How long are you going to be competitive this year? The massive hormonal release that happens a race scenario or during tough speed workouts in a finite source. Some people can hang on longer than others but everybody will burn out unless they have the support team of Ivan Drago. Outside of base building it takes a good 6 weeks minimum to prepare for a race. Depending on your experience and physiology you may only be able to compete well for 2-3 months before you will have to take a break. For a lot of injuries that are due to impact (Broken bones, and sprains) I believe the ones who are tired physically and mentally experience them more frequently.

It's also alright to be competitive for a couple months then take the intensity down for 3-4 weeks or so then ramp it back up for another couple months. Being competitive all year round is asking for trouble. Don't be afraid to rest, reignite that fire then get back out there.

Of course all these principles depends on how serious you are. If you are not extrinsically competitive but are competitive with your past self, you might still want to take a close look at your upcoming season. If you're just out there to have fun and not push yourself too hard then go enjoy experience. But If you read up until this point, you probably would like to push yourself a little bit more to see where it takes you.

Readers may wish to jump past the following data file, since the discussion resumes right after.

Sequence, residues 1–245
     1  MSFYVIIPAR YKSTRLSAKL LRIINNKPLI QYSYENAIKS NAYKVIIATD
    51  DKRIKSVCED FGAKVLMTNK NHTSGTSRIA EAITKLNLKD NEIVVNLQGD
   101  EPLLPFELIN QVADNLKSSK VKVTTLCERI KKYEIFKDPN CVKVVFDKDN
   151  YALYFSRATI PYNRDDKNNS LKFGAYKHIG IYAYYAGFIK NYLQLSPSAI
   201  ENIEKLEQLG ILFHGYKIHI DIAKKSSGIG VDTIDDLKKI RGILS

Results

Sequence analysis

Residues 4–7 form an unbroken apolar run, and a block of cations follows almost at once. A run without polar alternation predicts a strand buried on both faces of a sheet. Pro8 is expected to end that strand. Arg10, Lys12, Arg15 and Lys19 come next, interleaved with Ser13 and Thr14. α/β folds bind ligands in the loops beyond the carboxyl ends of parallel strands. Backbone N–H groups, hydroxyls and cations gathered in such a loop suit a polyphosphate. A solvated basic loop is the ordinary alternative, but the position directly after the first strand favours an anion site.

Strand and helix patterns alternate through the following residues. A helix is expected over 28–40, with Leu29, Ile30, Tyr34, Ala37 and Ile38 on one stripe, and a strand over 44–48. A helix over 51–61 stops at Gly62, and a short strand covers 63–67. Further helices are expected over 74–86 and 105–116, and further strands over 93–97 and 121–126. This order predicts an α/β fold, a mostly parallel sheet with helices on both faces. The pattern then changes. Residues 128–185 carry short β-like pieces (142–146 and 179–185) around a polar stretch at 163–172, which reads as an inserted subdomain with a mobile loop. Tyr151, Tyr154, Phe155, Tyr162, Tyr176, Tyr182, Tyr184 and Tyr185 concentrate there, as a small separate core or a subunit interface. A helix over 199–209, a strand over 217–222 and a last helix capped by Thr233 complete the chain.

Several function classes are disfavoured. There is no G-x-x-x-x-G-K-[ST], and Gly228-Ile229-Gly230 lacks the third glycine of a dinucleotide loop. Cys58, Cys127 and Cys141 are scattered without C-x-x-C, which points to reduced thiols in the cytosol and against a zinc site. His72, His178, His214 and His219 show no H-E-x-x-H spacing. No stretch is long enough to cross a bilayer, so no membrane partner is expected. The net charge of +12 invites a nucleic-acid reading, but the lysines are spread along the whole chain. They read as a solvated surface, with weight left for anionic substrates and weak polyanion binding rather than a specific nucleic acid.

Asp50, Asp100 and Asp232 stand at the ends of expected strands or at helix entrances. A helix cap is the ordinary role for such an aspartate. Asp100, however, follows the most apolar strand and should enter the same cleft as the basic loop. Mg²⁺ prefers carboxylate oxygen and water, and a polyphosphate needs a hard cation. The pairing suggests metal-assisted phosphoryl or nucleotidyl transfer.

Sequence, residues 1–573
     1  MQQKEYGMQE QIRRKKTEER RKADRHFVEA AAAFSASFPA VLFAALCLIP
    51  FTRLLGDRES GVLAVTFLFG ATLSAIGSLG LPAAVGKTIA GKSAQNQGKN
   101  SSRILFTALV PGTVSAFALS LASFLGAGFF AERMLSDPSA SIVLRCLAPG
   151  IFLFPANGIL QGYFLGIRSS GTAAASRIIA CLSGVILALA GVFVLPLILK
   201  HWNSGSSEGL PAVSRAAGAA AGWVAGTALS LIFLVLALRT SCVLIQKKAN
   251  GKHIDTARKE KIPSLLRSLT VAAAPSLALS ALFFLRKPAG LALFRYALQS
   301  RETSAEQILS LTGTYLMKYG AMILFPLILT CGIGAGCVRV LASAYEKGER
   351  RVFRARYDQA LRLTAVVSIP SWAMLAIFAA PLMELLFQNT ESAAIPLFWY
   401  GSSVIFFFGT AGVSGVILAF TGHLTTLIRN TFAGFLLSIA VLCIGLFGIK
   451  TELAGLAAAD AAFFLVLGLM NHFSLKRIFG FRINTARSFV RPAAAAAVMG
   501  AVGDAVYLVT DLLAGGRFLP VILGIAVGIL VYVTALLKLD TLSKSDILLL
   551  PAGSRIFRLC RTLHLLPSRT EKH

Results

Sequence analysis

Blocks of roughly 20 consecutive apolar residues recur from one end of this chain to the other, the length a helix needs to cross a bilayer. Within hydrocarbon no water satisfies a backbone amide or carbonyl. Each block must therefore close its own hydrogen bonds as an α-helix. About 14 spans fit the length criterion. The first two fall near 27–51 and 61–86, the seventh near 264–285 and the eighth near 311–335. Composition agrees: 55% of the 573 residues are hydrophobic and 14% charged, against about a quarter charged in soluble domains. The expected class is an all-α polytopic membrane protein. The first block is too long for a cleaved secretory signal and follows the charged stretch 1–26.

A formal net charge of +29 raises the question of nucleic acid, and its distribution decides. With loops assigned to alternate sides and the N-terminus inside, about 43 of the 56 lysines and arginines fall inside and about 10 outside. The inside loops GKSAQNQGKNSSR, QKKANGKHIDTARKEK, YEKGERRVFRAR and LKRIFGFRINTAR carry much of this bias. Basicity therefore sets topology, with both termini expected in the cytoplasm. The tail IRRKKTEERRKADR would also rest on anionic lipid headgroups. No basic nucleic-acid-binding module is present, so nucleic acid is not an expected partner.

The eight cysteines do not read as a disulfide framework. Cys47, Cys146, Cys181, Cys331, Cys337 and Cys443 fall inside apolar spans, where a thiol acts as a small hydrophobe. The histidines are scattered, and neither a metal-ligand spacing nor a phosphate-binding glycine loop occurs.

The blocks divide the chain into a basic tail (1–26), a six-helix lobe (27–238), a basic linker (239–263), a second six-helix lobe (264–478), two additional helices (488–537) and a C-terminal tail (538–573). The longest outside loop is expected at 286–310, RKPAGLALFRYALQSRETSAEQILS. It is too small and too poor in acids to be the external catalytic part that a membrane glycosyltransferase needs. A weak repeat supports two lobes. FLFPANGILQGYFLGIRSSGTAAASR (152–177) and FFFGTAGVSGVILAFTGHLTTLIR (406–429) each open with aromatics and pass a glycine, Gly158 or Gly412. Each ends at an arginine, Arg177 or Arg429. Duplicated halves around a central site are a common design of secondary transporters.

Outside of having the best training and nutrition program the most important items that will prepare anyone for an upcoming racing season is discipline, as mentioned early, and living a less complicated life. The discipline of prioritizing a regular training schedule, and having some control over the foods you put in your body will have more of an effect on your race results then any supplement or herb. I don't know how many times I am asked "what should I take to improve my performance?". Focus on the basics. Yes the basics are boring and hard. But it is the basics that build the base that leads to success. Everything else is gravy, and gravy doesn't taste good on its own.

Discipline is much easier when your life is less complicated. Today with cell phones and technology people are busier and more plugged in then ever. Don't expect to have time for your health if you are constantly creating unnecessary distractions.

In summary 

If you are training for endurance sport focus the majority of you're training around aerobic activities. Learn what you need to learn in terms of obstacle skill and skip the rest.

Develop nutrition habits pre-season. Experiment with what works best for your body, and apply scientifically backed principles in season.

Try to avoid too many race weekends in a row and a lengthy season. If you are starting to be competitive in April, make sure to take your intensity down in July in preparation for any races in the fall. Emphasize recovery as discussed in my previous article.

Develop discipline and uncomplicated your situation.

Good luck!


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Stryde Performance

Stryde Performance

Josh Stryde B.Kin (Hons), CSNN Holistic Nutrition Consultantâ„¢, Precision Nutrition Level 1, PTS

Josh has been working and educating in the fitness Industry for over 10 years. He has seen his greatest success by arming his clients with knowledge and allowing them to active role when working towards their goals. Without knowing why you are eating the way you are eating, or why you are following a particular workout routine it becomes difficult to stay consistent.

Spartan Team Canada 2017
Team PVL 2017/2018
20+ OCR podium finishes